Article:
Hypno versus Lance: A critical hit Hyper Beam from Gyarados is a likely OHKO on Hypno, so this match-up is risky. Something that is both faster and carrying an Electric-type move is a better option for dealing with Gyarados. Hypno can handle either of the Dragonair; Hyper Beam will hurt a little but STAB Outrage is a joke. Hypno’s Psychic is usually a 2HKO, but Reflect and/or Light Screen is good to set up. With or without screens, Hyper Beam from Aerodactyl or Dragonite is scary. Using Hypno against them is not recommended.

Hypno versus the Champion: It’s best to hit Pidgeot with an attack or two before setting up screens; Hypno’s Psychic is a 3HKO. Calm Mind variants of Hypno need to avoid Pidgeot, who carries Whirlwind. Alternatively, you could get screens immediately if you fear the aforementioned Whirlwind. Alakazam is faster and carries Reflect but lacks Calm Mind. This makes it set-up bait for Calm Mind variants of Hypno, and Light Screen should go up if you’re running Dual Screens Hypno. Shadow Ball should be used on the first turn to ensure that a second hit will OHKO (assuming Reflect doesn’t go up first). Unless Reflect goes up on the first turn, Shadow Ball is an almost guaranteed 2HKO. A low health Alakazam allows Hypno to both put up screens and polish off the Psi Pokémon on the next turn. Fighting Rhydon is very risky as Psychic doesn’t do that much damage and a critical hit Earthquake kills Hypno. Take advantage of those screens to get a relatively safe switch-in for a Grass- or Water-type. Venusaur is 2HKOed by Psychic, and a critical hit Solar Beam can’t OHKO Hypno from full health. Exeggutor is 3HKOed by Shadow Ball, and it can’t hurt Hypno if Reflect and Light Screen are active. Calm Mind variants beware: Arcanine is packing Roar. It may be a good idea for Hypno to avoid this match-up altogether; Arcanine is also carrying Bite. Hypno can only 4HKO Charizard, who 2-3HKOs in return with Fire Blast. Even with screens up, Slash can do a lot of damage thanks to its high critical hit ratio. Keep Hypno away from this Fire-type, too. Gyarados can’t 2HKO Hypno with any of its moves, so Hypno can set up a screen and run if it’s at full health. Gyarados does have Bite, so beware of flinch hax. The same goes for Blastoise.

Everything in Between

Caves and Mountains: Hypno can dispatch any Zubat that are annoying you, but Geodude is dangerous due to Selfdestruct. Hypno (not Drowzee) may be able to tank a Selfdestruct, but it can’t tank a critical hit. Just use a Grass- or Water-type for Geodude. This likely won’t be an issue for Hypno with Psychic, as the strong STAB move will decimate Geodude.

Vermilion City Area: Drowzee is challenging to use in this area, but it can handle anything that relies on its Special Attack or is hit hard by Confusion. It should also avoid Diglett’s Cave as it almost requires a Flying-type. Drowzee is easily destroyed by a high roll Magnitude from an Arena Trap Dugtrio. If Drowzee is packing Brick Break, it can handle the engineers east of Vermilion. Otherwise, stay away.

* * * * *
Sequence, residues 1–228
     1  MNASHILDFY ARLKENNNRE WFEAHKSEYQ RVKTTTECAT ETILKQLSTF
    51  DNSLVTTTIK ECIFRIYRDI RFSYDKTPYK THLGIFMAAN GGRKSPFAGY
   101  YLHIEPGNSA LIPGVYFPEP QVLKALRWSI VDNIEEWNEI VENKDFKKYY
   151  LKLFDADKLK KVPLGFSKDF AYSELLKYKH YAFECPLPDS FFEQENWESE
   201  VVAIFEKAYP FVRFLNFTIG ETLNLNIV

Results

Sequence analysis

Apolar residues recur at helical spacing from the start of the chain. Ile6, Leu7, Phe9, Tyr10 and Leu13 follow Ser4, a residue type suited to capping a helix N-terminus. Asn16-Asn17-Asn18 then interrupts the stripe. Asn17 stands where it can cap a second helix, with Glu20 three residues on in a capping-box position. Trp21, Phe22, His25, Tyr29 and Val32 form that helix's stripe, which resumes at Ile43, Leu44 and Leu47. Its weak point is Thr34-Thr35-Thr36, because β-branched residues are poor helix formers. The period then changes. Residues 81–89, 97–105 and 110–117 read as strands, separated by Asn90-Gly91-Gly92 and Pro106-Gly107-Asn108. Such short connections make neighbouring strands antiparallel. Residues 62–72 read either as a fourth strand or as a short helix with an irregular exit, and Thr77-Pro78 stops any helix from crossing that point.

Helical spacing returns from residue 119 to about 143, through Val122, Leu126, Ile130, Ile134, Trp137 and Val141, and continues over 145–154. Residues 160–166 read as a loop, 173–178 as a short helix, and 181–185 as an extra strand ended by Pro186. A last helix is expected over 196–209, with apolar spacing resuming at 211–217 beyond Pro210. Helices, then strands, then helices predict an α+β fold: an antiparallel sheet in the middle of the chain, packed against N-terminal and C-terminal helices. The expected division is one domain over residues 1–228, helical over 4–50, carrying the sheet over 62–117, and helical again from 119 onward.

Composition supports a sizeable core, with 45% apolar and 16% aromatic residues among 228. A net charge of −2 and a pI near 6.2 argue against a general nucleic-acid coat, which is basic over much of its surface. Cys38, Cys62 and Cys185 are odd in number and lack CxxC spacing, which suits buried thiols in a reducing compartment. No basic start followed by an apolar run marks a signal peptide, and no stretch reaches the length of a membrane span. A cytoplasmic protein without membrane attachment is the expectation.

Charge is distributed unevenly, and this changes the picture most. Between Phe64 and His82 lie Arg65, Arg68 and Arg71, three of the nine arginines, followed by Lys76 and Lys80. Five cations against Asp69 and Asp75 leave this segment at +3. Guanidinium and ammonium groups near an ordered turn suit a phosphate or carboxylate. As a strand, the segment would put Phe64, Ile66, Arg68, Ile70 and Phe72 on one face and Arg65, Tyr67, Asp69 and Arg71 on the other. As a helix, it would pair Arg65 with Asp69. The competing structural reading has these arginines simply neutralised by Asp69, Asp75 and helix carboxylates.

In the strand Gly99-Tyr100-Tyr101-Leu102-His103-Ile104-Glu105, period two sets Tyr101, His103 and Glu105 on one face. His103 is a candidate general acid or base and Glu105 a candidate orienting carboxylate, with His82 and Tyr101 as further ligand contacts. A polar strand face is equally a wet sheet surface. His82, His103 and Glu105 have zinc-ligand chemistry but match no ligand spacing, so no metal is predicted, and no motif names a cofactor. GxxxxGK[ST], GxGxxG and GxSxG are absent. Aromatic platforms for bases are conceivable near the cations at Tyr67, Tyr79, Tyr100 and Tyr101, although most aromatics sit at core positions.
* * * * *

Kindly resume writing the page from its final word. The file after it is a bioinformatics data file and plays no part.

Mid- to Late-Game: Drowzee isn’t the best choice for Pokémon Tower, but it’ll likely be a Hypno by the time you get the Silph Scope. In that case, its super-effective STAB Confusion is great for Gastly and Haunter. Let a Flying-, Grass-, or Water-type Pokémon handle Marowak though. Water-types can be handled pretty well by Hypno unless they resist Psychic-type moves. As such, it can handle a lot of Pokémon on the water routes. If Hypno is packing Brick Break, it can handle Snorlax after Reflect is up. Healing items may be needed for Hypno to solo it; it’s best to utilize Reflect to get a switch-in for a stronger physical attacker. Hypno can handle Cycling Road with aplomb, but watch out for exploding Koffing. You’ll want Psychic before attempting this. It is also good for the Pokémon Mansion. The Power Plant should be avoided; Hypno still has trouble tanking explosions.

Checks and Counters

Strong Attackers: Hypno has a lot of Special Defense, but foes like your Rival’s Charizard or Rhydon can break Hypno with ease. As such, it’s good to have an incredible tank like Lapras, Snorlax, or Vaporeon. In return, Hypno can provide valuable support, as Reflect and/or Light Screen will let these Pokémon ignore almost every non-critical hit attack.

Bulky Pokémon: This only applies to Hypno if it lacks super-effective coverage. Foes like your Rival’s Blastoise can tank a lot of hits from Hypno and retaliate with stronger attacks. As such, it is good to keep a counter for these Pokémon around.

Overall Grade: B

Hypno’s bulk and versatility make it an exemplary Pokémon to have in a Nuzlocke. Its Psychic-typing only aids in this. However, its lack of power will give it trouble in certain battles. On the other hand, its ability to provide support to team members in the form of Thunder Wave and/or dual screens is a huge boon to teams with glass cannons. All in all, the Hypnosis Pokémon can be an outstanding team member that is capable of proving itself in a variety of roles.

Resources to Utilize

Hypno’s Learnset: https://pokemondb.net/pokedex/hypno/moves/3


Written by Reddit user u/Samurott1. For questions about this guide or for specific advice for your playthrough, send them a message on Reddit.